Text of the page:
Worse of all is when Peter is interacting with his friends and loved ones. At least give Sam Raimi some credit for developing the relationship of Peter and Harry Osborn. Here, Harry just appears out of the blue like he was meant to be established in the first film. The relationship is developed at a rush pace that we don’t even give two cents. They keep adding in exposition and talks about how they used to be best friends but I don’t feel that. We never see them do things together as friends other than share one scene and that’s it. Even later when Harry tries to get Spider-Man’s blood for some bizarre disease he has, there is no feeling of tragedy to the character. Dane DeHaan’s performance comes off as so cold that we get no human factor. He’s like a cross between a stingy Richie Rich and Donald Trump. His line delivery is some of the worse I have ever heard in a movie for a long time. Dane says his lines in a way that shows he doesn’t care. There’s no emotion or even a bit of weight. Even worse is his transformation into the Green Goblin for the end. Couldn’t do something better with the make-up? He looks like Evil Ed from Fright Night melted in the microwave with a Beavis doll. Its such a horrible design that I ended up laughing at it whenever he was on screen for the “big finale.”
Speaking of which, Emma Stone’s Gwen Stacey is a good writing 101 on how not to make a romance. Most of the critics who saw this, and viewers alike who liked or disliked, praised the romantic chemistry between Andrew Garfield and Emma Stone. To which I ask, what chemistry? For a good portion of the movie, they keep breaking up and making up to the point it becomes a drinking game. It also doesn’t help they give Peter Parker this guilt factor by having him see Gwen’s dead father every time he’s around her. Why doesn’t he talk about this to her or consult someone? No, Gwen has enough and dumps. Then reconciles just to tell Peter that she’s going to Oxford, England to a university. Then break up again and then have her help Peter stop a madman just so they have this big moment (which I can’t spoil…crud) but I get no feeling when that moment does happen. Most of their scenes are just romantic fluff that I’ve seen before to the point I could give two cents. There’s only one time Gwen helps Peter out and that’s it. Other than that, I feel nothing for the both of them.
And the best saved for last is Jamie Foxx as Electro. Oh man, did this character irritate me. Taken from Batman Forever, they pull the old nerdy and creepy engineer that gets so obsessed with his idol that it somehow causes him to get a causality and use it against the one he used to worship. Blah, blah blah. Been there, done that and smoked it. This is the man who did an great potrayle of the late Ray Charles and he is wasting his efforts going from an unfunny and (again) surprisingly creepy geek that gets turned into a blue-skinned, auto tuned villain that is dull and shows no menace. Even when they attempt to raise the stakes, it doesn’t come off as feeling threatening but rather cartoony. And while we are on the subject, what is the with the property damage in this movie? Every time Spider-Man goes against a villain, there’s so many car crashes and building damage to the point it feels like New York is getting torn to shreds. What kind of budget does this city have to fix itself over a night?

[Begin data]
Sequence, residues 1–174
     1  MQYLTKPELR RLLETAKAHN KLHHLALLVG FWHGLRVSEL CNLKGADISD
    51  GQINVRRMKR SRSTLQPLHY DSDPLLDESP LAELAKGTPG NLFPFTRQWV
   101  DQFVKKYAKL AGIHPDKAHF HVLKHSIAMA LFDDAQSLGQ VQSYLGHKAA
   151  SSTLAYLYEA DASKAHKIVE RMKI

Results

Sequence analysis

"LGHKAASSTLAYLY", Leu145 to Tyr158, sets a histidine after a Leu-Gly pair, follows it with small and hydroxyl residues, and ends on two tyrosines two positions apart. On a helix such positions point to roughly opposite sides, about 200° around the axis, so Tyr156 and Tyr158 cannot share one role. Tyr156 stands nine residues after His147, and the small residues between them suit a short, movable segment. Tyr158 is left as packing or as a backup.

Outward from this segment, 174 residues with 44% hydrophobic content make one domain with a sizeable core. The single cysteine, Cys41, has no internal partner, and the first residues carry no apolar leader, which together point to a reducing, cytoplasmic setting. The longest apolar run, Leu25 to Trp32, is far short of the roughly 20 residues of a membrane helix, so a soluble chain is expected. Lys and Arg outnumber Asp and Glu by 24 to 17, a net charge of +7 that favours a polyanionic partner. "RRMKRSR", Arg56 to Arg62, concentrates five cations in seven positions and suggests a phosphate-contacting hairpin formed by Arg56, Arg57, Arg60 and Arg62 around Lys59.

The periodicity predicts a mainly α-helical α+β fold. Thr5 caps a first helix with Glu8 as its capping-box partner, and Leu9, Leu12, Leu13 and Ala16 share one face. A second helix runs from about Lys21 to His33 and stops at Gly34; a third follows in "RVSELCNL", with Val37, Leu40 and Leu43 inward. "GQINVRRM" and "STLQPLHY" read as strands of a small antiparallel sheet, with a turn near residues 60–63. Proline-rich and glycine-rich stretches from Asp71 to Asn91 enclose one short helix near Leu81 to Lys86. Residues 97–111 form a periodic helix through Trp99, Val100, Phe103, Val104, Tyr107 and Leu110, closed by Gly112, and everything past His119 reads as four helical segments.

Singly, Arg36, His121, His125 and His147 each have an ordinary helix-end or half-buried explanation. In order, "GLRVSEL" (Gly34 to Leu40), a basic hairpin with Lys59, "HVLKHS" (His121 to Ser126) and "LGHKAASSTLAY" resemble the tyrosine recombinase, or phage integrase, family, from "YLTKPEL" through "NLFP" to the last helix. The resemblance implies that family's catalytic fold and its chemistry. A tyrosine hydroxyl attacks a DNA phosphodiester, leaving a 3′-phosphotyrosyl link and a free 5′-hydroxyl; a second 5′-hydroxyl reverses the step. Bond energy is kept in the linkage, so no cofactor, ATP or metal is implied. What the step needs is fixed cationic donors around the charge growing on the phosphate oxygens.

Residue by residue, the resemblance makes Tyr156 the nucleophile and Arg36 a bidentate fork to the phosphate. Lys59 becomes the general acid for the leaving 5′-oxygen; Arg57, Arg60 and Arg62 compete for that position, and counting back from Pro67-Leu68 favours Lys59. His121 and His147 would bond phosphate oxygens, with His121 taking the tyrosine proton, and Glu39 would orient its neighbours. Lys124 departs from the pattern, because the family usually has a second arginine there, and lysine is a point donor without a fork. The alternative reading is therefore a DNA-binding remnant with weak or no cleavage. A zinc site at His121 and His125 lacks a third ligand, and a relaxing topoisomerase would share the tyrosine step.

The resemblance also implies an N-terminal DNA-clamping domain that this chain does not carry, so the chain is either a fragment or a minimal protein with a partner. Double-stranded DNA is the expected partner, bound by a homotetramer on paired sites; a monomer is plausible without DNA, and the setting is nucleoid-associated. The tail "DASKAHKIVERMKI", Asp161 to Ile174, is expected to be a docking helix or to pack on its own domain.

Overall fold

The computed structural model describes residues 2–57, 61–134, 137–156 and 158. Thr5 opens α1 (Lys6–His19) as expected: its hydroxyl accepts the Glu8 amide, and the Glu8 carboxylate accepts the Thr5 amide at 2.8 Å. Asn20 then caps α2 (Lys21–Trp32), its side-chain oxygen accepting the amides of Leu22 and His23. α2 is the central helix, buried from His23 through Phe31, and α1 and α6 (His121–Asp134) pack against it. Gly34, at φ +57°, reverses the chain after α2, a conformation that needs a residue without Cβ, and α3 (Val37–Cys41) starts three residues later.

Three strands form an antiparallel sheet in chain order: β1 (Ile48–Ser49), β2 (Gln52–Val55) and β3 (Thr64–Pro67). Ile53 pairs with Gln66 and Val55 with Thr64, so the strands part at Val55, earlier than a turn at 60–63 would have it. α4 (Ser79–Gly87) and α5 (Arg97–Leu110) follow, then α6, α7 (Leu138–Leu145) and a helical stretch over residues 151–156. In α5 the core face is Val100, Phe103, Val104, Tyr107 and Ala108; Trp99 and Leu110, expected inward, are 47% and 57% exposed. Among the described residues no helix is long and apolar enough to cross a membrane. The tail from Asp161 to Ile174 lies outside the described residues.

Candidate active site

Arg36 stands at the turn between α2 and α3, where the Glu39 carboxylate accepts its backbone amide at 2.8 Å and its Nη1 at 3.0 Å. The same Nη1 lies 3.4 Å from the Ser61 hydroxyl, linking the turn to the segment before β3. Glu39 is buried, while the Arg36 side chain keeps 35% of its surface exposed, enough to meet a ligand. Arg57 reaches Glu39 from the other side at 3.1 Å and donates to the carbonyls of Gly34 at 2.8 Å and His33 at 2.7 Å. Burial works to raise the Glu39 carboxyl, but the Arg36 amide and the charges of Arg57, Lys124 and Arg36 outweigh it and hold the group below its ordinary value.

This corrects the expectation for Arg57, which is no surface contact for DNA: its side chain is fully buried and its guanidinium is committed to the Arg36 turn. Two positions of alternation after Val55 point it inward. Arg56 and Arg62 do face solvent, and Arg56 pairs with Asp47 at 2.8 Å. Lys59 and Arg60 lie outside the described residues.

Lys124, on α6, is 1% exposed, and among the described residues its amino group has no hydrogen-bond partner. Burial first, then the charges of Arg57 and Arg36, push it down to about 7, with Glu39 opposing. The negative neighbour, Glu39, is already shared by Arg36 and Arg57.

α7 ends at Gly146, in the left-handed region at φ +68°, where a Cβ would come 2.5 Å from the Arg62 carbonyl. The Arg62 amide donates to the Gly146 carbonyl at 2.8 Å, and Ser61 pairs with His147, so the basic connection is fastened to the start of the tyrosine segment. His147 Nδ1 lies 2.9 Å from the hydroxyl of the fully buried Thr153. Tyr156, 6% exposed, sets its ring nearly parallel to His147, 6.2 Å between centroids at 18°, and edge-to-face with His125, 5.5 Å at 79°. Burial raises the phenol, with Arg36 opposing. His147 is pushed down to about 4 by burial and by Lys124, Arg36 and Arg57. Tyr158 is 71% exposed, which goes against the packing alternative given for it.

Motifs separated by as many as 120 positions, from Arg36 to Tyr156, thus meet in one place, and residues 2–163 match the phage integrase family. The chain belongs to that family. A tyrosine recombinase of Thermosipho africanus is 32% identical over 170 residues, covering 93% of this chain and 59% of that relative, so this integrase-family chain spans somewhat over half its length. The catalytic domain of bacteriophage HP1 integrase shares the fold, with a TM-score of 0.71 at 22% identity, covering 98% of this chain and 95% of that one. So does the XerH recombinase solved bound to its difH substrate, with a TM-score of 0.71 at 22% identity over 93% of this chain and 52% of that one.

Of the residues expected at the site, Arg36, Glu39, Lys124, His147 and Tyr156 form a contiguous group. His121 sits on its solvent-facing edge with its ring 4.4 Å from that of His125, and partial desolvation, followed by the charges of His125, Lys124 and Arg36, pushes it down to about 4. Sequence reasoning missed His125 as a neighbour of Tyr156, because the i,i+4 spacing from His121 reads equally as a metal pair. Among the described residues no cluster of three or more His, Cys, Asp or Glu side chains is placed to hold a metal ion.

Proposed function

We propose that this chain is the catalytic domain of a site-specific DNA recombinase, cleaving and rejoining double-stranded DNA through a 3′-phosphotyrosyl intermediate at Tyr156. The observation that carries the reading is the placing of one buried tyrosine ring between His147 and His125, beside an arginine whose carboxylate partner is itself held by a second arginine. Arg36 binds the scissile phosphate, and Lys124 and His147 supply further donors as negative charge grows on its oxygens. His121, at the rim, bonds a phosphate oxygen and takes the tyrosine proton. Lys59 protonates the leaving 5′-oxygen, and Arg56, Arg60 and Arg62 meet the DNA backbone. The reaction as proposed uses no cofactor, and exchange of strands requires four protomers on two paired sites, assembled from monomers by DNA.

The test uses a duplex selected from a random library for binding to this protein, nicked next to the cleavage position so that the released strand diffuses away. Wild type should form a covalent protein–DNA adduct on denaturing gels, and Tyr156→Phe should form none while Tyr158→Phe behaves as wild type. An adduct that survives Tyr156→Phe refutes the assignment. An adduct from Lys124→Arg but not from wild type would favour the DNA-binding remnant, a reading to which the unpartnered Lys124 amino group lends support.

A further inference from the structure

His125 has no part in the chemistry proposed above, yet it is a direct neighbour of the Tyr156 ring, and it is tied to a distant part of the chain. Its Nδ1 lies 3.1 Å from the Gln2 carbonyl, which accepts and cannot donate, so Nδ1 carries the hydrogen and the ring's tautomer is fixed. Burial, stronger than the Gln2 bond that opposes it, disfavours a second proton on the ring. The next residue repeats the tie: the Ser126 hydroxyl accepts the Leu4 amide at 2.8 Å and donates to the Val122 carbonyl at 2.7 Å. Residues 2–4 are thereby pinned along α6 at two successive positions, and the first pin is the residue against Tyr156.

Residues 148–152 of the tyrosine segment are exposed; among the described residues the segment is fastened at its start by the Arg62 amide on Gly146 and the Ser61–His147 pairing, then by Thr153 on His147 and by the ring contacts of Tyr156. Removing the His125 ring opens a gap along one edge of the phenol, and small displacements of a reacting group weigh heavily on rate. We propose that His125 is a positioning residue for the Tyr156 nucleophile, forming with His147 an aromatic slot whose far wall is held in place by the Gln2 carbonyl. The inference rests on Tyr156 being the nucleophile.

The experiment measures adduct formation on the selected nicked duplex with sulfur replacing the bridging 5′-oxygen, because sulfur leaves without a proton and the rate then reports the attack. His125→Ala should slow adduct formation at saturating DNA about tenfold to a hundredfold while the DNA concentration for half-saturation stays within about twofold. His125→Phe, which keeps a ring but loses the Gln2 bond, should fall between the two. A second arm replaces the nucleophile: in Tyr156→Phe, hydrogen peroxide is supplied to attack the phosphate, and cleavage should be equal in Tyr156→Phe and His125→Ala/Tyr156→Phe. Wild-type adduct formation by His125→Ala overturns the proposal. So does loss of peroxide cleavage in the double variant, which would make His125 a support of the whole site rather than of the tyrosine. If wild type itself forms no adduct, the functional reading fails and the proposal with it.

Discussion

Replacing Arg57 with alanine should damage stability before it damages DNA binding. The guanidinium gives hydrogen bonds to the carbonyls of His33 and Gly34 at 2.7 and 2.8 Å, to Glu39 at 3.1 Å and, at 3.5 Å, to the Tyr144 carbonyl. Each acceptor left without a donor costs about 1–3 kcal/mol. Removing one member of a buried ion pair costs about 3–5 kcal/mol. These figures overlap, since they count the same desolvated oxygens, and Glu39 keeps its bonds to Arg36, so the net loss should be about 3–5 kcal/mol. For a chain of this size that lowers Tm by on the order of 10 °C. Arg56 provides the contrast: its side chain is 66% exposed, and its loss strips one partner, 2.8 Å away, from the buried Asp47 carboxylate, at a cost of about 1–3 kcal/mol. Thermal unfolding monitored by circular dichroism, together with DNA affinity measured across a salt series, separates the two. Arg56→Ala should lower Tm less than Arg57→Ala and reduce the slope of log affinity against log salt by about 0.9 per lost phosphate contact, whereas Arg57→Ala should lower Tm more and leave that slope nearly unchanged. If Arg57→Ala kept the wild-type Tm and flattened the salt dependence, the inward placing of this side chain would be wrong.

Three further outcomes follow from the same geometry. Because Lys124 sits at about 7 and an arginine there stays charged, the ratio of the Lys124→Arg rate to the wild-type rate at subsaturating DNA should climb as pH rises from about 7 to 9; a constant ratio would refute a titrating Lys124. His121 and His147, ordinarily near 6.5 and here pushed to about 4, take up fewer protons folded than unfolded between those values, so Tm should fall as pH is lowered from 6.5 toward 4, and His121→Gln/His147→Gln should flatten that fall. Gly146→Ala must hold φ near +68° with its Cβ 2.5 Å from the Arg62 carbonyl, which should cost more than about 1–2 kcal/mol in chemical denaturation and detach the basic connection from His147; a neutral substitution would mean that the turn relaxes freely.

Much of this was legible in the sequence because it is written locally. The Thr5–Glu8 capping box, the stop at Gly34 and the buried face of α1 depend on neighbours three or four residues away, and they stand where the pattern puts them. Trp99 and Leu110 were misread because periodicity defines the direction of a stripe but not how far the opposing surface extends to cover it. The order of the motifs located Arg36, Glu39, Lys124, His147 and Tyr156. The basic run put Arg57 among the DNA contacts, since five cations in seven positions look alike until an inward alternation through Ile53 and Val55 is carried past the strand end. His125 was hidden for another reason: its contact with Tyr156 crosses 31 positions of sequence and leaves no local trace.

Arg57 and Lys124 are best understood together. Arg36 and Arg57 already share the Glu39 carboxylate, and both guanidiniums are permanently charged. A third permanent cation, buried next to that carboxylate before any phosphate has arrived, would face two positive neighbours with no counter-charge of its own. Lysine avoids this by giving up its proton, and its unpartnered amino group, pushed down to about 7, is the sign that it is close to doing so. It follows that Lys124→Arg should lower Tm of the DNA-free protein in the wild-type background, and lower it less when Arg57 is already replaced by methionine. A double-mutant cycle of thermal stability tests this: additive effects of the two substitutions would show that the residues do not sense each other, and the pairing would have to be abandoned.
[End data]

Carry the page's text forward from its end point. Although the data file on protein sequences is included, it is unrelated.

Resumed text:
The rest of “The Amazing Spider-Man 2” I personally care for less. Its such a weightless entry that barley has a driving motive or even a solid story to go with it. I didn’t even talk about Paul Giamatti’s throwaway cameo as the Rhino, the most pointless Stan Less cameo in existence, the heavy foreshadowing and painful irony of Gewn Stacey’s big scene at the end or even one of the biggest plot holes in the movie. If Peter’s parents wanted to hide somewhere from Oscorp, why couldn’t do they it in the secret, abandoned subway tunnel instead of getting axed off in a jumbo jet? Wouldn’t it be better if they stayed there and hid among society? How hard is that when you have so much equipment to live and work off of? Stuff like that is never covered up or even given an inkling to explain. All this movie is doing is throwing so much stuff at you just to get to a bigger and explosive movie. That’s really all I get.
At least sequels like Back to the Future Part II and The Matrix Reloaded had a story and at least enough solid reasons for a third entry to exist. “Amazing Spider-Man 2” just feels like filler. And not even the enjoyable kind. Instead of focusing on expanding on Peter’s character, making a unique and tragic villain and having proper build up to what could have been a grand finale leaving for the need of a third film, all they do is use this one for their needs to build toward another one without the care that was shown in the Marvel Cinematic Universe. That took time and care to make such a grand entry who know today as “The Avengers.” Here, they are obviously rushing it to make that explosive entry than let time and care be the essence resulting in us getting a sequel that gives nothing in return. Oh, right there was something! A never-ending plug at Sony computers and products throughout the whole movie. From laptops to even a flipping Walkman, this is more of a commercial for Sony than it is for Spider-Man. This is not a sequel. This is a sell out.
Maleficent took the top spot domestically with $69.4 million and is so far #1 for this box-office weekend. Apparently this was quite the surprise as droves of families went to see the new Disney reimaging of Sleeping Beauty and its appeal to the female audience certainly shows. According to Box Office Mojo, the audience was 60 percent female and certainly was a summer highlight for being the first so far to be targeted at women. Though this can also be counted for fans of Disney version who know the iconic villain well enough for a spot in Disney history and its marketing really pushed the “think you know the tale” motif to stir some curiosity.